In fact, in my thread Just one of those mysteries… I slipped into discussing a theory cooked up six decades ago by the physicists John Wheeler and Richard Feynman that used waves going back through time to explain why electrons feel a force when they try to accelerate: ;;

*Wheeler and Feynman used the fact that the equations of electromagnetism are symmetric in time, working backwards as well as forwards. They allow not only the so-called retarded waves of radiation that we’re used to (that arrive somewhere after they left) but also “advanced” waves (that arive somewhere before they were emitted””that is, travel backwards through time). In their model, the electron accelerates and emits radiation that goes forward in time (ignoring advanced waves) and eventually causes another particle (called the absorber) to accelerate and, in turn, emit retarded and advanced waves. The advanced waves are going backwards through time so they arrive back at the original electron at the exact instant it accelerated in the first place, providing the radiation reaction force that makes the electron resist acceleration.*

That particular thread was on inertia (the resistance of masses to accelerations) so the idea that inertia itself might be due to similar time traveling waves was floated. Anyway, the point is that the quantum world is no stranger to weirdness with time.

**Subilluminatus replied**

That’s a man-sized chunk of reading there but at a glance it looks like alot of this speaks to what I was referring to earlier about relative time dilation as opposed to actual movement through time. And how the theories that do propose genuine time travel seem to always be based on cold calculations that, so far as I can see, real world factors would render entirely irrelevant.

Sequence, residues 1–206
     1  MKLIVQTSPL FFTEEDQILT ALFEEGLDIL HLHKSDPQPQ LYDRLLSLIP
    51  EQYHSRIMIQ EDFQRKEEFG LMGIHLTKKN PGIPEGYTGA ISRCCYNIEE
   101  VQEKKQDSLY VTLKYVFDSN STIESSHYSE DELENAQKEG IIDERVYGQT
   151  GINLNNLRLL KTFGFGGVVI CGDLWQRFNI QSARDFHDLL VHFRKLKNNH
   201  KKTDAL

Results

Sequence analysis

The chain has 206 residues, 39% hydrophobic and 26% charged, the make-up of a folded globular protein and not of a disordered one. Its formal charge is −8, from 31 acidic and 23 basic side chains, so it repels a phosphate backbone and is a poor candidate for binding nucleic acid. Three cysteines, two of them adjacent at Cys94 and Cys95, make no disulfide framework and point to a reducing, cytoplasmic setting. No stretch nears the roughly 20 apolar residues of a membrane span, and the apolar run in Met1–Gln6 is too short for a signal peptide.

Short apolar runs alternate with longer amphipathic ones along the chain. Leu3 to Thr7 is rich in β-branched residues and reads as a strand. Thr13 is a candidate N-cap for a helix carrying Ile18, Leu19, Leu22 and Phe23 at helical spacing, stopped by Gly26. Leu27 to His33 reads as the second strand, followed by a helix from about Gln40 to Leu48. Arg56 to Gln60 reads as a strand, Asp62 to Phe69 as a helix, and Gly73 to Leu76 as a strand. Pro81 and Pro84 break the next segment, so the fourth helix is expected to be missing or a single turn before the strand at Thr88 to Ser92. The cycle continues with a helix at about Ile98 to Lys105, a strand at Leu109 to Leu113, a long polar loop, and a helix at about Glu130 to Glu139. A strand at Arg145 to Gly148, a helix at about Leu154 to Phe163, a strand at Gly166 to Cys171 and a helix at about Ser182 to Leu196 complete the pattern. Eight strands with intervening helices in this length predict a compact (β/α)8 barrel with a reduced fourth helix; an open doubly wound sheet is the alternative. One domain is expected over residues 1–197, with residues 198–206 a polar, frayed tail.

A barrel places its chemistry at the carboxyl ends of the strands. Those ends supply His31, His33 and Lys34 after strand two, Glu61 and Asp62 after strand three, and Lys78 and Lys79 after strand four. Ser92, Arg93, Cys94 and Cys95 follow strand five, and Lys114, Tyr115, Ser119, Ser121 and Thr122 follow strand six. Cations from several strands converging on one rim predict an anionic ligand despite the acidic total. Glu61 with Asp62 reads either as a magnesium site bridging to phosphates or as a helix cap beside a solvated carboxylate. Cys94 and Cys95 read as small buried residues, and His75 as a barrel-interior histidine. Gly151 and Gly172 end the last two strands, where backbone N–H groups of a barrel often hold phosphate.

Without having really dug into your links yet, are you personally of the belief that genuine time travel is possible, or…? By “genuine time travel” I mean actually travelling back or forward in time. For example, travelling back from today to the year 2000

**Penthar replies**:

There are a few things to note here. Physics isn’t done yet. There currently exist two very powerful theories (general relativity and quantum mechanics) that cover different domains and facets of the physical universe. Unifying them into one theory would yield a new one which would have to itself be probed to see what time travel schemes it does or doesn’t allow.

But until such a unified theory exists, you can only look at the current (very good, by the way) individual theories that exist now to see what they allow. And one thing general relativity unquestionably allows is “travel to the future” via time dilation. However unsatisfying a mode of time travel that is to you it is the only one that’s been observed experimentally and indeed is a central component of the theory.